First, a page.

This ubiquitous ingredient increases the risk of dry skin, itching and eczema

This ubiquitous ingredient increases the risk of dry skin itching

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    Family history and allergies can be risk factors for certain chronic skin diseases, including eczema. Which can be accentuated by pollution, perspiration, cold, hard water, certain cosmetics, and even certain foods. A new American study points to an omnipresent ingredient on our plates, responsible for an increased risk of dry skin and itching.

    According to Insermthere atopic dermatitisalso called atopic eczema, is a chronic inflammatory skin disease, (…) characterized by dry skin associated with eczema-type lesions (redness and itching, blisters, oozing and crusts) which progress in outbreaks“. The scientific research organization particularly involving genetic and environmental factors, and evoking the impact of such an illness on mental health. Numerous studies around the world have reported for several years a increase in cases of chronic disease, particularly in industrialized countries, linked to environmental changes and our lifestyles.

    How does the environment influence eczema?

    An observation which led a team of American researchers, from the University of California at San Francisco (UCSF), to focus on the impact of an everyday ingredient on skin dryness and itching, and more broadly on eczema. To do this, they analyzed data from 215,832 adults aged 37 to 73 from the UK Biobank, a large long-term study carried out in the United Kingdom to assess the influence of genetic predisposition and environmental exposure on the development of many diseases.

    Urine samples and electronic medical records were analyzed for the purposes of this work. The objective being to determine the quantity of sodium, a component of salt, consumed by the participants, and to compare this data with a possible diagnosis of atopic dermatitis. Published in the journal JAMA Dermatologytheir research shows an increased risk of eczema diagnosis (+11%), eczema cases (+16%), and chronic disease severity (+11%) for each additional gram of sodium expelled in urine over a 24 hour period.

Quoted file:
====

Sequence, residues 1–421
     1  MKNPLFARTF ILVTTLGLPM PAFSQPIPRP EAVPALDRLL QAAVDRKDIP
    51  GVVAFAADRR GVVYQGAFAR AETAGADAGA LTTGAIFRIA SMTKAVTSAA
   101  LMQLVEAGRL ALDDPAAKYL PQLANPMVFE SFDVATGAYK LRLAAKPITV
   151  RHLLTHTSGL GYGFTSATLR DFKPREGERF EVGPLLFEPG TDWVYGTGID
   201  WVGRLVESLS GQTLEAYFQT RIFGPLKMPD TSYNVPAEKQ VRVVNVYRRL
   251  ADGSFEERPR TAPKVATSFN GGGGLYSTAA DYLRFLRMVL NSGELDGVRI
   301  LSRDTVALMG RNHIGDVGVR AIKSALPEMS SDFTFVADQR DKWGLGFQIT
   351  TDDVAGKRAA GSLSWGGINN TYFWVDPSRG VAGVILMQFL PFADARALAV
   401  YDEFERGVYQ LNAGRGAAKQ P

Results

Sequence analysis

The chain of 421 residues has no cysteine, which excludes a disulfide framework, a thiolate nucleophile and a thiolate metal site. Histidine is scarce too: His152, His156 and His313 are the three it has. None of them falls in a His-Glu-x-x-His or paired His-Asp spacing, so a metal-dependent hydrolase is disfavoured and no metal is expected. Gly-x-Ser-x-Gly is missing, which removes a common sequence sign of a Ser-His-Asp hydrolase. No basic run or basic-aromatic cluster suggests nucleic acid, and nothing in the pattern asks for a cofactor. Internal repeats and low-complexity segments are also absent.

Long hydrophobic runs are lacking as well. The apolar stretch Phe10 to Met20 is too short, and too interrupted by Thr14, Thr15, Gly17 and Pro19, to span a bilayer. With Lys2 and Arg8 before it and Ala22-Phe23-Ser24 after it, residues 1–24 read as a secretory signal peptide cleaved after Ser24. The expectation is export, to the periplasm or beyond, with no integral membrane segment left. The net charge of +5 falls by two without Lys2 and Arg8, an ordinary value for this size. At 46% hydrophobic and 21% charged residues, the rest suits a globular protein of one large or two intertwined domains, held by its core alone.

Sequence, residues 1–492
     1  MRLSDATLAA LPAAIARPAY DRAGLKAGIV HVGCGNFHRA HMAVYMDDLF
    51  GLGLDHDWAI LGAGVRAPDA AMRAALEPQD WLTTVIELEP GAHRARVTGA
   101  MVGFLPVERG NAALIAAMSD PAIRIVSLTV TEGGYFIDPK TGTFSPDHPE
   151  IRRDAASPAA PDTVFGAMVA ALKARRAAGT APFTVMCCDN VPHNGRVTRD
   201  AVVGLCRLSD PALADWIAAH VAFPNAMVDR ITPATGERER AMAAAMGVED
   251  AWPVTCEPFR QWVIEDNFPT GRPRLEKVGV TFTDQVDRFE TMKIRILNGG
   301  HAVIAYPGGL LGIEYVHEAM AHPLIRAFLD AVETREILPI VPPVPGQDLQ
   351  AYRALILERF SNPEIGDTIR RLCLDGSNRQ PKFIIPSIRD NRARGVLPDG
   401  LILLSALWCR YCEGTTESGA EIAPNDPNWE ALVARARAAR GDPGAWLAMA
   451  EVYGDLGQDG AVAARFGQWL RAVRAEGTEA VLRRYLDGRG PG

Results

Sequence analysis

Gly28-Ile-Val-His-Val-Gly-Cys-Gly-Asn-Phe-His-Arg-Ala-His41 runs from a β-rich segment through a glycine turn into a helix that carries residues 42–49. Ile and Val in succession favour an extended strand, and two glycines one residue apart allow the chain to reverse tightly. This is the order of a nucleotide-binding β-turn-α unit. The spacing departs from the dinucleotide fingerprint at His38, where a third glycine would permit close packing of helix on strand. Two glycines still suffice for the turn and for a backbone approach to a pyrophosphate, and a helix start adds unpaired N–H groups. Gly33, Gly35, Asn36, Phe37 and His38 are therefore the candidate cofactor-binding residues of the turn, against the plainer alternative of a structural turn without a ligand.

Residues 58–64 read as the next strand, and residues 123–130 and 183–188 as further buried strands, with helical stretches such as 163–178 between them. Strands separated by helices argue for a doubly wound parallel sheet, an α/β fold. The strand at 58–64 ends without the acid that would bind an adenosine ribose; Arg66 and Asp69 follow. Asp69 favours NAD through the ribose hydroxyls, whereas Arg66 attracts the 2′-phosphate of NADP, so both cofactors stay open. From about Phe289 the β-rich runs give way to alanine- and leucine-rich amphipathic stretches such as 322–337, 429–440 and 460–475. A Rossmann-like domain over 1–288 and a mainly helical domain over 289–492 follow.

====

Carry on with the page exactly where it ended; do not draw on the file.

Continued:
Half a teaspoon of salt = 22% increased risk of eczema

    To validate these results, the researchers examined data from another population, namely 13,014 American adults from the National Health and Nutrition Examination Survey. And the finding is the same: consuming an extra gram of sodium per day, the equivalent of half a teaspoon of salt, increases the risk of suffering from an active case of eczema by 22 %. The authors of this work actually advise affected patients to limit their salt consumption to better manage eczema flare-ups.

    Most Americans eat too much salt and can safely reduce their intake to recommended levels“, says Katrina Abuabara, associate professor of dermatology at UCSF, in a statement. And to conclude: “Eczema flare-ups can be difficult for patients, especially when they can’t anticipate them and don’t have recommendations on what they can do to avoid them.“.

    According to data made public by the National Eczema Association, more than 31.5 million people suffer from some form of eczema in the United States, or approximately 10% of the population. In France, more than 2 million people are affected by this chronic disease, including 100,000 who suffer from severe eczema, according to the French Eczema Association. Which indicates that the number of patients has tripled in 30 years.